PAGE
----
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What Does ‘Life’ Mean?

18 March 2011

Building occupiers can't be certain how long components and systems will really last. With such different guidance available, which one is ‘right’. Peter Tse, gives an insight


IF YOU WANT TO KNOW HOW LONG a boiler will last, where do you start? CIBSE Guide M: Maintenance Engineering and Management is the most widely-used reference document for this topic available in the UK. It provides indicative life expectancies derived from several published sources with additional guidance from a working group of experienced building services engineers.
BSRIA has conducted research for the Construction Industry Life Cycle Cost Analysis (CILECCTA) European research project. The project aim was to create a user-oriented, knowledge-based software capable of full lifecycle cost analysis. The BSRIA deliverable was the production of life expectancy distribution curves for input to the CILECCTA software.
The difficulty with the CIBSE guidance is that life expectancy is provided as a single year, which can’t be used to derive a distribution curve. The advantage of a distribution curve is that it indicates the dispersion of data around the mean, with the mean indicating the most likely life expectancy as opposed to a definitive number.
So what other guidance exists? Chapter 36 of the HVAC Applications Handbook includes life expectancies of mechanical equipment. It is commonly referenced in the US and is the equivalent to CIBSE Guide M.
Also, an ASHRAE research project in 2003 developed an interactive web-based database with a specific focus on mechanical equipment service life. The data is divided into two subsets: replaced, for data indicating installation and removal dates, and currently in service, for data with just an installation date. The data indicates mean and standard deviations for the components, yielding distribution curves shown in the graph below. The dataset itself was subsequently analysed, taking year 2010 as the removal date for the currently in service dataset and combining with the replaced data to generate an ASHRAE dataset curve, also shown in the chart below.
The only other publication that provides data to generate a distribution curve is Surveyors’ Experiences of Buildings in Use, published by the Building Cost Information Service (BCIS). The publication collates the responses from 92 individual building surveyors on the life expectancy of common building components.
Additional sources, including the Kirk & Dell’Isola publication Life Cycle Costing for Design Professionals, provide a single year expectancy charted as a single line (similar to that in Guide M). Other publications, such as The Longevity of Building Services Installations and the Building Services Component Life Manual published by the Swedish Building Research Council collates data from various publications and indicates life expectancy as data ranges.
BSRIA has analysed all of these and then generated a composite curve was generated from the average of the curve data for each component. This was weighted evenly between the sources, and added to the graph as the CILECCTA curve for the software tool.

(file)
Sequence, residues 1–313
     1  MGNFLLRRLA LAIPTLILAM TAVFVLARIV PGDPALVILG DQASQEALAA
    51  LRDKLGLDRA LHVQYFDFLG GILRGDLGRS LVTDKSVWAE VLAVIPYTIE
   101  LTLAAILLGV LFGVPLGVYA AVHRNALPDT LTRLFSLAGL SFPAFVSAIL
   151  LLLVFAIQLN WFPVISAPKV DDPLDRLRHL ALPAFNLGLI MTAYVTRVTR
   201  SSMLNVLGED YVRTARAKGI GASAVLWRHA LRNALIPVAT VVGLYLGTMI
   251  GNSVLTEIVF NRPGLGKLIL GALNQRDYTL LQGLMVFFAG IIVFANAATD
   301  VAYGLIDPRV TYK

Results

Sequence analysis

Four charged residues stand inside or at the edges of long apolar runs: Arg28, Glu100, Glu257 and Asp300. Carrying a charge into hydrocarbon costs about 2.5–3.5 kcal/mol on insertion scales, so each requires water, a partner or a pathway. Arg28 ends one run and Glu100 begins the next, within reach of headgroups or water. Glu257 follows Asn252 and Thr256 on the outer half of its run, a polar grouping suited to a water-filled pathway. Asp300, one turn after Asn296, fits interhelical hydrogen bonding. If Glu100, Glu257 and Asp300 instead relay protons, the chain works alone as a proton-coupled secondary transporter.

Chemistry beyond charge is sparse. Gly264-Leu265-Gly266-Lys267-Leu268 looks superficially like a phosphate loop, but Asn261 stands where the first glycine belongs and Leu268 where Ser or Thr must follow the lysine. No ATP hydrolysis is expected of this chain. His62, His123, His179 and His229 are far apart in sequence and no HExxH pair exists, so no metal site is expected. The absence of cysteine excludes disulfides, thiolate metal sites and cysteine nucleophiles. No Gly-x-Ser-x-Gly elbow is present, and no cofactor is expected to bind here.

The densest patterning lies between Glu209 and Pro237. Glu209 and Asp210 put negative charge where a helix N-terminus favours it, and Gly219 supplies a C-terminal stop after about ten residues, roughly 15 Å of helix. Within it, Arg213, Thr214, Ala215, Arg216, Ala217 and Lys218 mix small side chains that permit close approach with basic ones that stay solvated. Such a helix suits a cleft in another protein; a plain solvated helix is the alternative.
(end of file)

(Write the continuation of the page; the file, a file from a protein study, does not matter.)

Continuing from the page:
So, how long will a boiler last? Well, the general overview of the CILECCTA curves of M&E components indicate a mean life expectancy of just over 20 years for most of the components. Although many commercial buildings have a design life of 50 years, it is more common for the useful life to be around 25 years when a major refurbishment would be required to bring a building up to date. The research also suggests that building services refurbishment should coincide with any refurbishment of the building fabric. This correlation could also assist commercial leasing decisions.
One component that shows a significant deviation on longevity is lighting fixtures. The BCIS data indicates life expectancy around 12 years, while the other data sources indicate a higher life expectancy. Unlike many M&E components, light fixtures are highly visible to building occupants, so light levels and distribution are also readily apparent and any deterioration is quickly detected.
Many of the reference sources reviewed for CILECCTA provides indicative service lives for components, which comply with good practice in design and installation, normal maintenance and typical exposure and usage. As these conditions are unlikely to be replicated exactly in practice, service lives will need to be adjusted to represent the likely in-service conditions. BS ISO 15686 tries to address this by applying a range of factors to a reference life expectancy accounting for quality of components through to in-use conditions.
The study does not address renewable energy systems that currently do not have substantial data for life expectancy.
A common term in reliability studies is Mean Time Between Failure (MTBF). This is the predicted time between inherent failures of a system during operation, and a good supplementary indicator of life expectancy.
However the definition of MTBF means that it cannot be directly related to life expectancy as illustrated by the following example.
A battery may have a five hour life expectancy but a MTBF of 100 000 hours implying that in a sample of one million batteries operating simultaneously, there will be 10 failures per hour during the expected five hour life of the sample set. MTBF is therefore linked more to production, manufacturing and maintenance quality rather than to the inherent life expectancy of a single installed item.
While the research results are interesting, they highlight a lack of datasets for building services components, especially data that accounts for all the various factors addressed in BS ISO 15686.
BSRIA plans to work with its Operations and Maintenance Benchmarking Network to develop its own database.
Peter Tse is a senior design consultant with 1BSRIA


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